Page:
Deadly Abyss

The frequent mishaps that resulted because of the unsecured doors – people falling into the shaft or being struck and killed by an arriving elevator – made the coordination of the shaft doors with the elevator cab an urgent necessity, so that they could open only when the cab had reached the same height as the doors and would only… Continue reading

Another Worry

By the 1880’s, the concern about a cab falling after a cable break was subsiding. Statistics by this time demonstrated that travel in an elevator was many times safer than travel by horizontal means of transportation and that even using a stairway carried a greater risk for pedestrians. The focus of elevator accident prevention was clearly shifting to another worry,… Continue reading

Elevators and Mining

In the early years of the elevator, there was an acute sensitivity to potential accidents. The fear of a cable breaking and the cab plunging to the ground is connected to another field in which the dangers of vertical transport had long been known, namely, mining.

Beginning in the late Middle Ages, when mineshafts in Europe first reached depths of… Continue reading

An Element of Theatricality

In 1854 at the Crystal Palace, Elisha Graves Otis installed a platform on guide rails on which he had himself hoisted into the air before a multitude of onlookers. When the platform had risen to its maximum height, to their horror, he severed its suspension cable. But instead of plunging fifty feet to the ground, the elevator stopped short after… Continue reading

The Good Ole Days

The following is an excerpt from the 1914 book “The Building Law of the City of Boston”:

“All elevators running at a speed of more than one hundred feet a minute, shall be operated by competent persons not less than eighteen years of age, and no other person shall operate or have the care or charge of such an elevator.”… Continue reading

And Higher Still

Although the steel skeleton greatly increased the number of floors for a period of ten to fifteen years, the elevator machinery itself suddenly seemed to be the limiting factor. The hydraulic technique imposed a limit of eighteen to twenty floors. To build higher would be entirely uneconomic due to the slowness of elevators and the excessive space occupied by them… Continue reading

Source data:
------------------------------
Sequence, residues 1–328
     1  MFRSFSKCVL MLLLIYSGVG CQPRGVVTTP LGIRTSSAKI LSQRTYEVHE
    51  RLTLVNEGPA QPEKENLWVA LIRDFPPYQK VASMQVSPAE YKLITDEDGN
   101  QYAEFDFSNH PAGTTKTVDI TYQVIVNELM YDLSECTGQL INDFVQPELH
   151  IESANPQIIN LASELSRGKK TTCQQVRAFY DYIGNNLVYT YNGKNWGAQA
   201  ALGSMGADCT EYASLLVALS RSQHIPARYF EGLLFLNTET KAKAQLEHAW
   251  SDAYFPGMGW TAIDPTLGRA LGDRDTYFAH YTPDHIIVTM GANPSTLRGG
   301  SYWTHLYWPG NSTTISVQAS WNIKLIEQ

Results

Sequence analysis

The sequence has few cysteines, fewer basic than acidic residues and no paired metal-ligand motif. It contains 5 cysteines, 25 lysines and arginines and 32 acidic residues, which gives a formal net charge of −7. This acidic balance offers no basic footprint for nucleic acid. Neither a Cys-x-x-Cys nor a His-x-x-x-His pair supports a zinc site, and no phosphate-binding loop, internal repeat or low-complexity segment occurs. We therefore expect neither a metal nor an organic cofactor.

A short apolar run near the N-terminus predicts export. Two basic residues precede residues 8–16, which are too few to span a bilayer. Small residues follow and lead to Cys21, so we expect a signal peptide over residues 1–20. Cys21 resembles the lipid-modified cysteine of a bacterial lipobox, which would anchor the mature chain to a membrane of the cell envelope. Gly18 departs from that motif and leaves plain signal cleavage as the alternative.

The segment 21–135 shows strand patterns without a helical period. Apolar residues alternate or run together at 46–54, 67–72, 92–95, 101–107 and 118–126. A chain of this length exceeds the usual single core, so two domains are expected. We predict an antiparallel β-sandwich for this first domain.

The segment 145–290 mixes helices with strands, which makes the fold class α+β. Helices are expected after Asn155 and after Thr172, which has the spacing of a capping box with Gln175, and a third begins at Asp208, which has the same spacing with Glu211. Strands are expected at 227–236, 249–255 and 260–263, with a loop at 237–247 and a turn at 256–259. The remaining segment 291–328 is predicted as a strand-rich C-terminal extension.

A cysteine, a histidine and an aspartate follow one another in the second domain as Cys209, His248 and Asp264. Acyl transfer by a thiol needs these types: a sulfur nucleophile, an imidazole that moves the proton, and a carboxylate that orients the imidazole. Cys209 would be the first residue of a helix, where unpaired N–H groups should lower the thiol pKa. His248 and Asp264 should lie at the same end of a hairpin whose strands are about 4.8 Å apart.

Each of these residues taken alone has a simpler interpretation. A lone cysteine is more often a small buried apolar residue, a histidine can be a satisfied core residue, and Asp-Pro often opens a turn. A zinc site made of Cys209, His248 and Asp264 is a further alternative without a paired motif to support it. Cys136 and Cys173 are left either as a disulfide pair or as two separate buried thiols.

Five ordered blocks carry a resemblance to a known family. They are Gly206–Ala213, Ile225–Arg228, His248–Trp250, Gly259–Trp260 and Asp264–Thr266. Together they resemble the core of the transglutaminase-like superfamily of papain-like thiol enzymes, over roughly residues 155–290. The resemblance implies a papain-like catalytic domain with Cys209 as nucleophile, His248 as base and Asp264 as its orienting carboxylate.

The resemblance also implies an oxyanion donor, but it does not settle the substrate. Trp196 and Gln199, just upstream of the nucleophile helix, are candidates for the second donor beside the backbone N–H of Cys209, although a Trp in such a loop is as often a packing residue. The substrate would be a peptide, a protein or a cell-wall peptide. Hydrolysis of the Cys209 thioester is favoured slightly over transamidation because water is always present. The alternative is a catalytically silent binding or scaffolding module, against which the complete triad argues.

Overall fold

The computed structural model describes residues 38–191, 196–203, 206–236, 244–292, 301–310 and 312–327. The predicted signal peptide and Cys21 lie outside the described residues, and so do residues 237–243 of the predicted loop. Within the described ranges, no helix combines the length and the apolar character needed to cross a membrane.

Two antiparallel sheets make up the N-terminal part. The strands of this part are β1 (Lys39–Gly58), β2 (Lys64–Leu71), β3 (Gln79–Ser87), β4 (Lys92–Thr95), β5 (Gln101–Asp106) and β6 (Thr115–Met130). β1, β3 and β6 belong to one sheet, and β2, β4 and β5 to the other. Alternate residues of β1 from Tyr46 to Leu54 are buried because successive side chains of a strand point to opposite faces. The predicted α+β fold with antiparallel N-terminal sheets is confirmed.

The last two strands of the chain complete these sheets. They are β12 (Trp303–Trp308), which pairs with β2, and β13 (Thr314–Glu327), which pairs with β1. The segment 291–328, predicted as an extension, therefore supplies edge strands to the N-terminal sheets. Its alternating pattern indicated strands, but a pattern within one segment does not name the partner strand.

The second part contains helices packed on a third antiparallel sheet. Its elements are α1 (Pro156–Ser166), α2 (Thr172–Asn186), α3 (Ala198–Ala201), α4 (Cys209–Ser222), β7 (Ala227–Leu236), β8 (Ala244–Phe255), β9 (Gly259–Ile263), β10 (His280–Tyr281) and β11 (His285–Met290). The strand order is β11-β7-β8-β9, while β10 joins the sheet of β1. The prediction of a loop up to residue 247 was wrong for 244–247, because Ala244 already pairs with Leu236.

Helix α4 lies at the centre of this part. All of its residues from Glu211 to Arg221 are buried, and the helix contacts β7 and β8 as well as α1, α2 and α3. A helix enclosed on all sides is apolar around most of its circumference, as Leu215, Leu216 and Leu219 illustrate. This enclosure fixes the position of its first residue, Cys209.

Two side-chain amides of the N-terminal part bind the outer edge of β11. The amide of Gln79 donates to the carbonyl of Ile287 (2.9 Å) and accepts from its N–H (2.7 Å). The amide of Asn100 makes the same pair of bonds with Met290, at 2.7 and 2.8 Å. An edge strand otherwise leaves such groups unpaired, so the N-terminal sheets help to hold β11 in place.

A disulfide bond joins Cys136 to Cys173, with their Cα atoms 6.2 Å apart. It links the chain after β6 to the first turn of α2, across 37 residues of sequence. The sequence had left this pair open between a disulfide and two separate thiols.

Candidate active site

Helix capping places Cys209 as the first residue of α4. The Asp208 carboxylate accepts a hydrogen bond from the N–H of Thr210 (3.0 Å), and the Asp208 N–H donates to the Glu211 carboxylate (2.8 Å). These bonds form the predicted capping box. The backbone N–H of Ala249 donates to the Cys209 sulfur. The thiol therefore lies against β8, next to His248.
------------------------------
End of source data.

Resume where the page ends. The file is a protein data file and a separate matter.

Steel Skeleton

Before elevators, buildings were pretty much limited to six stories. It would have been useless to add more stories as people could not be expected to climb any higher. The elevator enabled an increase in building height to about eleven stories. Any additional stories and the walls of the lower floors would have to be so massively expanded and stabilized… Continue reading

Paying homage

The inseparable link between the rise of the elevator and the vertical extension of the building, especially in the United States, is well documented in the literature on the history of high-rise buildings. As early as 1891, a New York architectural historian noted, “The perfection of elevator work is the one fundamental condition for high buildings”. Francisco Mujica wrote “The… Continue reading

U.S. vs. Europe

In the United States, the elevator was a standard feature of large East Coast hotels by the early 1860’s but this means of conveyance remained almost unknown in Europe well into the late 1860’s. Only with the development of the extremely safe hydraulic elevator first exhibited at the 1867 Paris World’s Fair did the elevator begin to find widespread use… Continue reading

The Almost Forgotten Otis Tufts

Up to the beginning of the twentieth century, another mechanic, Otis Tufts (yes – Otis), was credited with the invention of the modern elevator – not Elisha Otis. Tufts patented an apparatus called a “Vertical Railway” or Vertical Screw Elevator”. It was the first to have a completely enclosed cab, propelled by a twenty-inch-wide steam-driven iron screw running through its… Continue reading